Lastly, regarding factors related to children’s overweight and obesity based on the decision tree analysis, the present study found that the incidence increased in boys by 43.7%, in children with a longer mean sitting time during the weekend by 65.8%, and those with a shorter mean sleeping hour during the weekend by 79.2%. In the present study, the decision tree analysis showed relatively lower results regarding sensitivity, specificity, and accuracy than the logistic regression analysis. However, the logistic regression analysis and the decision tree analysis identified commonly significant factors such as children’s gender, sitting time during the weekend, and sleeping hours during the weekend. Thus, healthcare providers who care for children with allergic diseases should evaluate such factors initially.

Conclusions

The present study was to identify multidimensional factors that affect weight gain in preschool children with allergic diseases using the data of the Panel Study on Korean Children, which found that children, parent, local community characteristics affected overweight and obesity at multidimensional levels as risk factors. The present study should be meaningful, because it identified factors related to local communities as well as children and parents, indicated the importance of identifying multidimensional risk factors related to the incidence of overweight and obesity in children, and provided healthcare providers with fundamental data to guide interventions for weight management in children. This study provides fundamental data for intervention programs related with weight control to prevent overweight and obesity in preschool children. However, the present study is limited, in that it only utilized variables in the source data because it used the already established panel data. Thus, we suggest a more specific collection of children’s health-related data in panel surveys on children with allergies. In addition, the present study identified that children’s weight gain is inter-correlated with various factors related to children, parents, families, and local communities; thus, it is essential to focus on the development of intervention programs that employs a combination of multidimensional factors that affect weight gain in children with allergic diseases.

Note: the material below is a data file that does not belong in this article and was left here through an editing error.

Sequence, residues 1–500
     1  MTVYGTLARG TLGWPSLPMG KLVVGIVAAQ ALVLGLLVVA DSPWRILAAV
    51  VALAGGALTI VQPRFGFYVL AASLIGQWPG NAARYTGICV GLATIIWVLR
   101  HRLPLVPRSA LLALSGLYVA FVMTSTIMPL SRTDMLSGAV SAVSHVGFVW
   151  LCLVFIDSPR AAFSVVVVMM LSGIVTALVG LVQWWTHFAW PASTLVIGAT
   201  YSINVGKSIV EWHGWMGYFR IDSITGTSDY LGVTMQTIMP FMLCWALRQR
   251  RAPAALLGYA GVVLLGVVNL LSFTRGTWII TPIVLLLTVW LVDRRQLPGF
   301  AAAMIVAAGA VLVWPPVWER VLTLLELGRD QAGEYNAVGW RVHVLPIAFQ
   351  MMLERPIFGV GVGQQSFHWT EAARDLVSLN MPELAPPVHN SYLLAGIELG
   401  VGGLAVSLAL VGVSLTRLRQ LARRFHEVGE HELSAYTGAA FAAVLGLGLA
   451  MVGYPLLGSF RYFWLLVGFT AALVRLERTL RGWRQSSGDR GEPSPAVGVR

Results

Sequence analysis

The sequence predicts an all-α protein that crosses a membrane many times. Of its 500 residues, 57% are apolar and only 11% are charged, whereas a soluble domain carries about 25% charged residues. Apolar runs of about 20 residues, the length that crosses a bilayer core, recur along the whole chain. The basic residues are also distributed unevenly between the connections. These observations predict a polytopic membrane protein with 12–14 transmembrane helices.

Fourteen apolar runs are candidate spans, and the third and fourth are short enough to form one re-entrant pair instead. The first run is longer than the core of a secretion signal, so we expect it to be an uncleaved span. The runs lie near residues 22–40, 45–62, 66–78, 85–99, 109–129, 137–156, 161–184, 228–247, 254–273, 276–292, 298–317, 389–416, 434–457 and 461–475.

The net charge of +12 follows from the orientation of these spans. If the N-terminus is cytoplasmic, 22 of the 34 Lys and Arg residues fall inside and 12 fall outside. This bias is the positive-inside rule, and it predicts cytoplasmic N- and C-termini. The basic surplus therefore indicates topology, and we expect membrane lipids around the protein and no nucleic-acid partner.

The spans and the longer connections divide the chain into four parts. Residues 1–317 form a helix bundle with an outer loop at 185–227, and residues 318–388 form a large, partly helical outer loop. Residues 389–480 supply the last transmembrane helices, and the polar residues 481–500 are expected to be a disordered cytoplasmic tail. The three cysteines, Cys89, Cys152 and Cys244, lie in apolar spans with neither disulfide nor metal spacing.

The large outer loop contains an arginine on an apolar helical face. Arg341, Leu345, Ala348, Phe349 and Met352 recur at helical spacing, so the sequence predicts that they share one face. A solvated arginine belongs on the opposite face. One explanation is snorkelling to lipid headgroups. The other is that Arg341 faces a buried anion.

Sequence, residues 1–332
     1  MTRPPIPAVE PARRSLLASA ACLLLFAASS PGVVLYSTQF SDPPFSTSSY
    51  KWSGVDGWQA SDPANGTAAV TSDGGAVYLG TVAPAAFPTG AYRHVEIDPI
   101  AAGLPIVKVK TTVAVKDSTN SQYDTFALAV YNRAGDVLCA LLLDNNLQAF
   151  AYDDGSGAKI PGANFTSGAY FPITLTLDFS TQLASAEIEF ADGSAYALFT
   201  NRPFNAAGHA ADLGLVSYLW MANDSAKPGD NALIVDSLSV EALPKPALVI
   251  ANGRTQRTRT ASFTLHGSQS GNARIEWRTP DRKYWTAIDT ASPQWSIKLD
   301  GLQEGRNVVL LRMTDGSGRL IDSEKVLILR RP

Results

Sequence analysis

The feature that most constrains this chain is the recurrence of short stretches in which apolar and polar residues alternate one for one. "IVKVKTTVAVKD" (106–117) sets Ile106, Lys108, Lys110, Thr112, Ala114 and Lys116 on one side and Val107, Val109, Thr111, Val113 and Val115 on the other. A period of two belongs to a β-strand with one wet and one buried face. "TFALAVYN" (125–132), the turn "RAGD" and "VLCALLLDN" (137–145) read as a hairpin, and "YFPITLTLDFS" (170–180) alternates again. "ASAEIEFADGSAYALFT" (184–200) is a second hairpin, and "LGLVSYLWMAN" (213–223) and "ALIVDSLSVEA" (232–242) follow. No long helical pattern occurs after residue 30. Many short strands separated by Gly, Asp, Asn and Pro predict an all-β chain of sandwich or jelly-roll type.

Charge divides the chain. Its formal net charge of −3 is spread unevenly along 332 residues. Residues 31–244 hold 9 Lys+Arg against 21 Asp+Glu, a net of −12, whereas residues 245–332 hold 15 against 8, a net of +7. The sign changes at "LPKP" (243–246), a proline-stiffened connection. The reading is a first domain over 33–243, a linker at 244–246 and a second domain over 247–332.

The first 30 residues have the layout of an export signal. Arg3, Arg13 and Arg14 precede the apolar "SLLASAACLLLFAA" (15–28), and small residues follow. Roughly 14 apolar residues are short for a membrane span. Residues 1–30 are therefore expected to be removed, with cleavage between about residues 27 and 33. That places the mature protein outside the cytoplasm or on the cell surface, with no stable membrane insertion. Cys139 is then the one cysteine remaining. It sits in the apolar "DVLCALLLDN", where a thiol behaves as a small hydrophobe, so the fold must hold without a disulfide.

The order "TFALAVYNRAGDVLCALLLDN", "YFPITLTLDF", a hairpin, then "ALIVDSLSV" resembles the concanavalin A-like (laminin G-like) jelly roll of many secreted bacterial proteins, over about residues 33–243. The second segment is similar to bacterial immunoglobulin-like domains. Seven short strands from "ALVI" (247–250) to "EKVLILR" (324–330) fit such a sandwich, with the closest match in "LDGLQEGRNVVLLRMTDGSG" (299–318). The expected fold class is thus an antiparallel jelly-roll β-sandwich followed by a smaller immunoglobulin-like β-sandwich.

Availability of data and materials

The datasets used and/or analysed during the current study are available from http://panel.kicce.re.kr/eng/index.jsp

Abbreviations

BMI:

Body mass index

MDA:

Mini Dietary Assessment

MC-HOME:

Middle Childhood Home

CHAID:

Chi-squared automatic interaction detection

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Contributions

Conceptualization; HJW; methodology, HJW; formal analysis, HJW and KDJ; investigation, HJW and KDJ; writing—original draft preparation, HJW and KDJ; writing—review and editing, HJW and KDJ; project administration, HJW. All authors have read and agreed to the published version of the manuscript.

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Correspondence to Jeong-Won Han.

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Ethics approval and consent to participate

This study utilized secondary data. The 10th Korean Children Panel Survey was conducted after review by the Institutional Review Board of KICCE. The subjects provided written consent for their children’s participation in the panel survey. In addition, the present study was performed after approval from the Institutional Bioethics Committee of Kyung Hee University (Approval Number: KHSIRB20–097). Data used in this paper are public and anonymous.

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Han, JW., Kim, DJ. Prediction model study of overweight and obesity in preschool children with allergic diseases from an ecological perspective. BMC Pediatr 21, 53 (2021). https://doi.org/10.1186/s12887-021-02515-4

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Keywords

  • Allergy
  • Children
  • Overweight
  • Obesity